A slurry of 11.4 kg HYLON® VII, high amylose corn starch in 56.8 kg water was prepared in a jacketed, Breddo LIKWIFIER®. Hot water in the kettle jacket heated the slurry to 90° C. under agitation. The slurry was then cooked by continuous steam injection in a Hydroheater equipped with a holding tube of about 1 minute residence. The slurry was cooked at 160° C. into a hemispherical bottom jacketed, scraped-surface vessel. A total of 9.2 kg starch (dry basis) was recovered from the jet-cooking operation. After cooking, the starch mixture was cooled to 58° C., and the pH was 5.3.

The starch was debranched with 183 ml pullulanase (PROMOZYME® 200L). The reaction proceeded for 4 hours at 58° C., after which the enzyme was inactivated by heating the mixture to 90° C. and holding for 1 hour.

The debranched starch was retrograded by slow cooling to 55° C. over a 17 hour period. The non-crystalline regions of the retrograded starch were digested with 92 ml CLARASE® L-40,000 at 55° C. for a period of about 24 hours. The enzymes were inactivated by heating the mixture to 90° C.

To enhance the stabilizer function for ice cream, 10% carboxymethyl cellulose (CMC) was added to the microcrystalline starch slurry. A CMC solution was made by dissolving 909 g AQUALON®, Type 7MF (Hercules Incorporated, Wilmington, Del.) in 45.5 kg water at 90° C. and mixing vigorously for 1 hour. The microcrystalline starch slurry was added to the CMC solution and agitated vigorously for an additional 30 minutes while the temperature was maintained at 90° C. The mixture was spray dried.

The powdered microcrystalline starch product assayed as 32% TDF by the Prosky Method and was comprised of 6 μ retrograded starch microcrystals as measured on a MICROTRAC®.

Production of Microcrystalline Starch-Based Product Without Annealing and With Less Extensive Hydrolysis of Amorphous Regions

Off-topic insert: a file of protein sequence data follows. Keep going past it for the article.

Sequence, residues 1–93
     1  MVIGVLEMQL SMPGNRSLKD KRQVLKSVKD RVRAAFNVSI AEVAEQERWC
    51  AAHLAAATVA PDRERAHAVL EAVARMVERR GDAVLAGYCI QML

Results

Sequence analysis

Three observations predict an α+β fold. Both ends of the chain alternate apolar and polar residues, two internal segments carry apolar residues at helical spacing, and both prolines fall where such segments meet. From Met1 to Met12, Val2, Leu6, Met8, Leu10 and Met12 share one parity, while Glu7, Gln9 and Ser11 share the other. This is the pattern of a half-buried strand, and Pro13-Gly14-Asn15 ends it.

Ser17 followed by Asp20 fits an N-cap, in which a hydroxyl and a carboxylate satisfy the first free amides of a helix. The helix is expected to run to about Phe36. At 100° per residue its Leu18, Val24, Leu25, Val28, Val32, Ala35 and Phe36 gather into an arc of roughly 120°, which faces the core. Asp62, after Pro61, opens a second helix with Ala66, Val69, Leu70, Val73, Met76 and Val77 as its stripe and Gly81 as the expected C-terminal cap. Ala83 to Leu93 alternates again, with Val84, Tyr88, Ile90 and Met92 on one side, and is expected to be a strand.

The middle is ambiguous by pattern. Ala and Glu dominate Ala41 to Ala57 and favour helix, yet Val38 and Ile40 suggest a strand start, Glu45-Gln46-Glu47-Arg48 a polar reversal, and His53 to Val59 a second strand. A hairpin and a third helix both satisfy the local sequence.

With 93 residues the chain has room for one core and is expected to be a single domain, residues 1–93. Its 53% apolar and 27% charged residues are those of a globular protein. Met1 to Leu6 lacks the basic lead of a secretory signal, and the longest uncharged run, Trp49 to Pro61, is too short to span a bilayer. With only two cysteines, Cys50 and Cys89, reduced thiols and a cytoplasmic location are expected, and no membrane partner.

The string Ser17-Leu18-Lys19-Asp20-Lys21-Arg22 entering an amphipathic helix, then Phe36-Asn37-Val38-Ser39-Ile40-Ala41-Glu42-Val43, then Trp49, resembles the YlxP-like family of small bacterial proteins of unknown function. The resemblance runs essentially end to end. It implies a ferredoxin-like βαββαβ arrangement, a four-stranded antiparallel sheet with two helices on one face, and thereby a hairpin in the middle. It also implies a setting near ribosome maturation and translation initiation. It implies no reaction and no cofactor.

A slurry of 11.4 kg HYLON® VII, high amylose corn starch in 56.8 kg water was prepared in a jacketed, Breddo LIKWIFIER®. Hot water in the kettle jacket heated the slurry to 90° C. under agitation. The slurry had a pH of 5.3. The slurry was then cooked by continuous steam injection in a Hydroheater equipped with a holding tube providing about 1 minute residence. The slurry was cooked at 160° C. into a hemispherical bottom, jacketed, scraped-surface vessel. A total of 9.3 kg starch (dry basis) was recovered from the jet-cooking operation. After cooking the starch mixture was quickly cooled to 58° C., and the pH was measured at 5.1.

The starch was debranched with 186 ml pullulanase (PROMOZYME® 200L). The reaction proceeded for 4 hours at 58° C. After which, the enzyme was inactivated by heating the mixture to 90° C. and holding for 2 hours.

The debranched starch was retrograded by slow cooling to 55° C. over a 4 hour period, and held at 55° C. for an additional 10 hours. The non-crystalline regions of the retrograded starch were digested with 93 ml CLARASE® L-40,000 at 55° C. for a period of about 4 hours. The enzyme was inactivated by heating the mixture to 90° C.

The microcrystalline starch assayed as 33% TDF by the Prosky Method and was comprised of 7.6 μ retrograded starch microcrystals as measured on a MICROTRAC®.

To enhance the stabilizer function for ice cream, 10% carboxymethyl cellulose (CMC) was added to the microcrystalline starch slurry. A CMC solution was made by dissolving 466 g AQUALON®, Type 7MF in 18.2 kg water at 90° C. The microcrystalline starch slurry, representing 4.7 kg of the original starch solids in the process, was added to the CMC solution and agitated vigorously for 30 minutes while the temperature was maintained at 90° C. The mixture was spray dried.

Production of Microcrystalline Starch-Based Product Without Complete Disruption of Starch Granule

A 25% starch slurry was prepared by blending 14.5 kg HYLON® VII and 39.3 kg water in a scraped-surface, hemispherical bottom, jacketed kettle at a pH of 5.2. The slurry was heated to 90-100° C. and held for 2 hours to swell the starch granules, after which the slurry was cooled to 57° C. The pH dropped to 4.9 during the cooking operation.